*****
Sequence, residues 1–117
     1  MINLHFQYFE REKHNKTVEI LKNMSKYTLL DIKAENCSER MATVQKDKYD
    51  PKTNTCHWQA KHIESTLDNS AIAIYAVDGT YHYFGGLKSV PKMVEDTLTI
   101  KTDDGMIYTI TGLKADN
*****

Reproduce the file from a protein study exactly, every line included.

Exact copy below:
Sequence, residues 1–117
     1  MINLHFQYFE REKHNKTVEI LKNMSKYTLL DIKAENCSER MATVQKDKYD
    51  PKTNTCHWQA KHIESTLDNS AIAIYAVDGT YHYFGGLKSV PKMVEDTLTI
   101  KTDDGMIYTI TGLKADN